This isn’t to say that similar problems of over-abstraction don’t happen at the implementation layer – they do. But they happen for very different reasons. Astronaut Architects are trying to solve multiple problems with a single solution. But when over-abstraction happens at the implementation level, it because someone thought they could predict the future.

We’ve all seen our fair share of over-engineered systems that introduce significant unneeded complexity on the off chance that the development team can successfully predict the kind of change likely to come in the next version of the product. Invariably, the team’s precognitive abilities are revealed to be as poor as everyone else’s, so they’re left with a bunch of extra layers of software cruft that has to be maintained but provides zero additional value to the system. I’ve blogged about that problem before as well: Kitchen Sink Variability.

Since I’m big on keeping the terminology of architecture and engineering separate, then I’d argue that we need a different term than Architecture Astronaut for people who want to introduce additional layers of abstraction at the implementation layer on the off chance that they don’t suck at precognition. Since we call such systems over-engineered, wouldn’t that make the people who build them “Over Engineers”?


  1. It’s like Shark Week, but with white boards and even more terrifying. ↩︎

Comments:

I agree that over-engineered is definitely the correct term for software that has too many layers of abstraction (interfaces for everything - yay! internal, private, protected, public - yay! never use fields but always properties - yay! dependency injection or you can't test - yay!). However, when developers work on the structure of an application it is hard not to call it 'architecture', and the analogy is appropriate. (Architects *do* specify the details, often down to specific materials, of buildings they design.) It seems inevitable that these two meanings of the word will be conflated. Nice discussion by the way,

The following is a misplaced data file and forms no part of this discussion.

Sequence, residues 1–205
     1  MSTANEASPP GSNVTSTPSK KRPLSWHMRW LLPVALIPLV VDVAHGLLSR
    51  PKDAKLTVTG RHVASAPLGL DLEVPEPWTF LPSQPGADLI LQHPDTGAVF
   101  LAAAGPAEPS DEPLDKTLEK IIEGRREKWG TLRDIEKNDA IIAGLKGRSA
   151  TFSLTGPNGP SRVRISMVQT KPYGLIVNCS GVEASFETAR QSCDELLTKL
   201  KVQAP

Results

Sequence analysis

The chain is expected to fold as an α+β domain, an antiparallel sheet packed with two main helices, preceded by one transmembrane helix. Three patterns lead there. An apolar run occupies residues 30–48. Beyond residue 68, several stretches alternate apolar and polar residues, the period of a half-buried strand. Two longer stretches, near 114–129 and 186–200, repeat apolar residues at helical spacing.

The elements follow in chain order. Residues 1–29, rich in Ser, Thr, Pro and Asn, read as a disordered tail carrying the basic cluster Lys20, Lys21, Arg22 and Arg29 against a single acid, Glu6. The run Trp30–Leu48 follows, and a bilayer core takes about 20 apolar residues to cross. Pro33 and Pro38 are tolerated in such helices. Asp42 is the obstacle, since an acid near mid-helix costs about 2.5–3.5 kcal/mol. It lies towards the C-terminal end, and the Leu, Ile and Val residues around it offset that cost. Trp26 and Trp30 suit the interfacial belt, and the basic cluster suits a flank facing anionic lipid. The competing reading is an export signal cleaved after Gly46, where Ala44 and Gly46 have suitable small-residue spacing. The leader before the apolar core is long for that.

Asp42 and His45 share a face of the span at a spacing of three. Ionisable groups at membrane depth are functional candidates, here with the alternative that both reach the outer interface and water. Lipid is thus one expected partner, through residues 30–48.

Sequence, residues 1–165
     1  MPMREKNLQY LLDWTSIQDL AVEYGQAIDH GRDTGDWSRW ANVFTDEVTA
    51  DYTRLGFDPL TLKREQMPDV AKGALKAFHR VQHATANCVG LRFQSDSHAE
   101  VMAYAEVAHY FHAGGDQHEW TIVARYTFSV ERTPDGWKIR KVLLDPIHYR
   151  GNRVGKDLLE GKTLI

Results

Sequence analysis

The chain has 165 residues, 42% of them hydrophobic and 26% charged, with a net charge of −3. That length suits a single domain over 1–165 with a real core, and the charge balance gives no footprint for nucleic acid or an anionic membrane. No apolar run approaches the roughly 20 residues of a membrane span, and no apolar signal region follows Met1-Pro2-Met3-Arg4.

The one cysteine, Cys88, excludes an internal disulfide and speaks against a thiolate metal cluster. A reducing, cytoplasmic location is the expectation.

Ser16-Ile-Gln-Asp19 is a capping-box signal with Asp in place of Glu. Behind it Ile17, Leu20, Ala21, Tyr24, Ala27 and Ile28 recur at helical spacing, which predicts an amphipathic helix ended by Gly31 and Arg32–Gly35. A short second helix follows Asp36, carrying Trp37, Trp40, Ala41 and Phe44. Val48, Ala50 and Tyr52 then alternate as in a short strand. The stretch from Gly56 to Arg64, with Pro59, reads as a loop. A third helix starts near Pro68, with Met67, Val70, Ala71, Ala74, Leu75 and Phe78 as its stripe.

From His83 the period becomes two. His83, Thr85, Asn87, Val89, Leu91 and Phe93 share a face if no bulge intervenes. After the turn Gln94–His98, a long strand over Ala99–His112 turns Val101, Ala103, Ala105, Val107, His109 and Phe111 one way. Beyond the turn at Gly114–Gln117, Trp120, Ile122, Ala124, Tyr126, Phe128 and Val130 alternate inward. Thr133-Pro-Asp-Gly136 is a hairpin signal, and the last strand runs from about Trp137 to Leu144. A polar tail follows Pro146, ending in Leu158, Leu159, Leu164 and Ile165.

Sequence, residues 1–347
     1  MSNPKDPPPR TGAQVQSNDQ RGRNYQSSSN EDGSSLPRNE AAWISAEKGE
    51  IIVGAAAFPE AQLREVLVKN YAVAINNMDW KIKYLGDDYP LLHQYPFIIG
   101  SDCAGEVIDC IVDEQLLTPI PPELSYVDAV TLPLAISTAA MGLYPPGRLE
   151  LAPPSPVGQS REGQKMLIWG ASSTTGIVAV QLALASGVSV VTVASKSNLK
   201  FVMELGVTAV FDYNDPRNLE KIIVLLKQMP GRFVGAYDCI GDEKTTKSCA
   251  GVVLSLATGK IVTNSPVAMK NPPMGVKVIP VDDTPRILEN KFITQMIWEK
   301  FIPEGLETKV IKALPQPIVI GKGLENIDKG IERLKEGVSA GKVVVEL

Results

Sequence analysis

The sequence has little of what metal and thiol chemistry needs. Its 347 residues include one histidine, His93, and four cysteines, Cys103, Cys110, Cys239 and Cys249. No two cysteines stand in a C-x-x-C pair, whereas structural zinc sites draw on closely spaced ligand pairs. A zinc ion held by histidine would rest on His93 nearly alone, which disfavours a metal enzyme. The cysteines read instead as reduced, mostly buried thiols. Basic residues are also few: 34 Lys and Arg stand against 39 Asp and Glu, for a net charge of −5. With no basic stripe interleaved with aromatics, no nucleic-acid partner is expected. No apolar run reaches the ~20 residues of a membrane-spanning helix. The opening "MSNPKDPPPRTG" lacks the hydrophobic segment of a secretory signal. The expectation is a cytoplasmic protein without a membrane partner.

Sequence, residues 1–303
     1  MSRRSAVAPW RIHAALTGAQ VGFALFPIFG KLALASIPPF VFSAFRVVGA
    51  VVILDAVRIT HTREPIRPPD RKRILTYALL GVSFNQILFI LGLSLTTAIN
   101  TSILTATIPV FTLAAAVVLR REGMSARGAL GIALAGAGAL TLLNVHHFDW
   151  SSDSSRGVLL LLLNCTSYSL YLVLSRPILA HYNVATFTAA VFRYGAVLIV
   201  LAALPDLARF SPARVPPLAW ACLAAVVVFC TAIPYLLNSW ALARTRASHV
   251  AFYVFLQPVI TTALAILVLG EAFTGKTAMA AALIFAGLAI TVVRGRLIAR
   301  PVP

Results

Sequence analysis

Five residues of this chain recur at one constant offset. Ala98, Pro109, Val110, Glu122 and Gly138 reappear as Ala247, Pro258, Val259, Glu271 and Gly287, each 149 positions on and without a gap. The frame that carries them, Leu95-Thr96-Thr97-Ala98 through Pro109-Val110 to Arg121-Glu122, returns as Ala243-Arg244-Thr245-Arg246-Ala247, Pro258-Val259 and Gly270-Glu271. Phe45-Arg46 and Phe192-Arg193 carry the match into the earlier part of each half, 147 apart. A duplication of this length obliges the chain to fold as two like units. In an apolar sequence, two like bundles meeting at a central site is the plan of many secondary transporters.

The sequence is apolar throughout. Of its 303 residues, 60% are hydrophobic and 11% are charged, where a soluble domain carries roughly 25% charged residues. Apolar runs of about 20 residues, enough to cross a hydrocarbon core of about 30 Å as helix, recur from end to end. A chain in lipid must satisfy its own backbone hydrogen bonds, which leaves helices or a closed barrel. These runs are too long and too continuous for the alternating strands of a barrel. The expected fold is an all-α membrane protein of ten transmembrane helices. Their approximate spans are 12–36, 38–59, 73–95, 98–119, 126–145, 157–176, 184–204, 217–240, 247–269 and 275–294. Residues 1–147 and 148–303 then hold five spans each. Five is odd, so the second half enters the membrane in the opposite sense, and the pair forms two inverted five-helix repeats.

I'm a little concerned with the intimation that use of interfaces, respect for visibility of type members and use of dependency injection equates to "over-engineering". As with everything, it depends on what you're trying to achieve, and generalisations in this regard, especially when junior people who may not understand what's at stake are reading, can be damaging. I find it an uphill battle to engender a constructive mindset in developers who have established bad habits and whose pride lies in the way of addressing those habits. Anti-"process" talk by Joel Spolsky and the "pragmatism brigade" makes it harder. A while ago I had a new developer refuse to write unit tests despite it being an established practice in our team because "... Jeff and Joel said they were bad in the StackOverflow podcast ...". Yikes.
@Michael, as I've said above "I will readily admit that often a single person is responsible for both architecture and engineering. But that doesn't make them the same activity." @Eric, I never intimated that "that use of interfaces, respect for visibility of type members and use of dependency injection" == over-engineering. There are good reasons to use those techniques that has exactly zero to do with thinking you can predict the future. There's good engineering and then there's over engineering. I guess that's will be the subject of my next Architecture post!
@DevHawk - I was making a reference to the first paragraph of @Michael's response--I guess I should have indicated as much. I do agree with the whole over-engineering argument--looking forward to your explanation of where "good" crosses over into "over".